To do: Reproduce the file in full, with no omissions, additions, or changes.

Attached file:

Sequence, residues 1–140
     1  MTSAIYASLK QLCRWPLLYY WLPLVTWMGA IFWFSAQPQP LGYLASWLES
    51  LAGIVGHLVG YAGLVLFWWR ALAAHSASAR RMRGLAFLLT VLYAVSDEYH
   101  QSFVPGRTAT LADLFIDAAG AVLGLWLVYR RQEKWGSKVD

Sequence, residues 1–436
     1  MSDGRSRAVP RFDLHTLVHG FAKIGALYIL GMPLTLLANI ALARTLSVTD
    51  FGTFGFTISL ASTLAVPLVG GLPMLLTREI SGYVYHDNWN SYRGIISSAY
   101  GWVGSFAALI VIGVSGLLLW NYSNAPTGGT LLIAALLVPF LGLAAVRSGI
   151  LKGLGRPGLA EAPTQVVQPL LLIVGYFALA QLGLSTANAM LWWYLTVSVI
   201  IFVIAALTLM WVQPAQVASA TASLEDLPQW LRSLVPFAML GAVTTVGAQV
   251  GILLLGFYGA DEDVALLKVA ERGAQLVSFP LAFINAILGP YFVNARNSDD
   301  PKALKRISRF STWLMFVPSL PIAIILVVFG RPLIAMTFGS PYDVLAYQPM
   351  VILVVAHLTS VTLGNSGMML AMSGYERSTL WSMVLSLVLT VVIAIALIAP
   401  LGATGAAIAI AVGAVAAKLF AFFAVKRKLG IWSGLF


Sequence, residues 1–140
     1  MTSAIYASLK QLCRWPLLYY WLPLVTWMGA IFWFSAQPQP LGYLASWLES
    51  LAGIVGHLVG YAGLVLFWWR ALAAHSASAR RMRGLAFLLT VLYAVSDEYH
   101  QSFVPGRTAT LADLFIDAAG AVLGLWLVYR RQEKWGSKVD

Sequence, residues 1–436
     1  MSDGRSRAVP RFDLHTLVHG FAKIGALYIL GMPLTLLANI ALARTLSVTD
    51  FGTFGFTISL ASTLAVPLVG GLPMLLTREI SGYVYHDNWN SYRGIISSAY
   101  GWVGSFAALI VIGVSGLLLW NYSNAPTGGT LLIAALLVPF LGLAAVRSGI
   151  LKGLGRPGLA EAPTQVVQPL LLIVGYFALA QLGLSTANAM LWWYLTVSVI
   201  IFVIAALTLM WVQPAQVASA TASLEDLPQW LRSLVPFAML GAVTTVGAQV
   251  GILLLGFYGA DEDVALLKVA ERGAQLVSFP LAFINAILGP YFVNARNSDD
   301  PKALKRISRF STWLMFVPSL PIAIILVVFG RPLIAMTFGS PYDVLAYQPM
   351  VILVVAHLTS VTLGNSGMML AMSGYERSTL WSMVLSLVLT VVIAIALIAP
   401  LGATGAAIAI AVGAVAAKLF AFFAVKRKLG IWSGLF